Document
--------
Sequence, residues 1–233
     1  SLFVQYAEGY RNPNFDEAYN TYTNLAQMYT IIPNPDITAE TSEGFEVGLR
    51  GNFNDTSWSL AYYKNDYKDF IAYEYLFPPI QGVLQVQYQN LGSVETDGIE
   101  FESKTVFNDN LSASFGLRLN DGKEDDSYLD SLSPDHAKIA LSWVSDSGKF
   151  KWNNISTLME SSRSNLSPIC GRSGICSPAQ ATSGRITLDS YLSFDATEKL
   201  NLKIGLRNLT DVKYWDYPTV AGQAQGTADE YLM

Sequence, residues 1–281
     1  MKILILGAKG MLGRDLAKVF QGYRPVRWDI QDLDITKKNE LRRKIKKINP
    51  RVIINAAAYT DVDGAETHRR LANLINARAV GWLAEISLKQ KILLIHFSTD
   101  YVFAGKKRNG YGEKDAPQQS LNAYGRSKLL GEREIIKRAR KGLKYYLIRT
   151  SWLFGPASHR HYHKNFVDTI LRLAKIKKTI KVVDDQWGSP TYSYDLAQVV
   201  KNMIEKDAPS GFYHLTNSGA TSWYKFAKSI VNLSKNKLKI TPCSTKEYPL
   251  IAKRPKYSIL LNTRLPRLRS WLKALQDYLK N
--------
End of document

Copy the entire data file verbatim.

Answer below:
Sequence, residues 1–233
     1  SLFVQYAEGY RNPNFDEAYN TYTNLAQMYT IIPNPDITAE TSEGFEVGLR
    51  GNFNDTSWSL AYYKNDYKDF IAYEYLFPPI QGVLQVQYQN LGSVETDGIE
   101  FESKTVFNDN LSASFGLRLN DGKEDDSYLD SLSPDHAKIA LSWVSDSGKF
   151  KWNNISTLME SSRSNLSPIC GRSGICSPAQ ATSGRITLDS YLSFDATEKL
   201  NLKIGLRNLT DVKYWDYPTV AGQAQGTADE YLM

Sequence, residues 1–281
     1  MKILILGAKG MLGRDLAKVF QGYRPVRWDI QDLDITKKNE LRRKIKKINP
    51  RVIINAAAYT DVDGAETHRR LANLINARAV GWLAEISLKQ KILLIHFSTD
   101  YVFAGKKRNG YGEKDAPQQS LNAYGRSKLL GEREIIKRAR KGLKYYLIRT
   151  SWLFGPASHR HYHKNFVDTI LRLAKIKKTI KVVDDQWGSP TYSYDLAQVV
   201  KNMIEKDAPS GFYHLTNSGA TSWYKFAKSI VNLSKNKLKI TPCSTKEYPL
   251  IAKRPKYSIL LNTRLPRLRS WLKALQDYLK N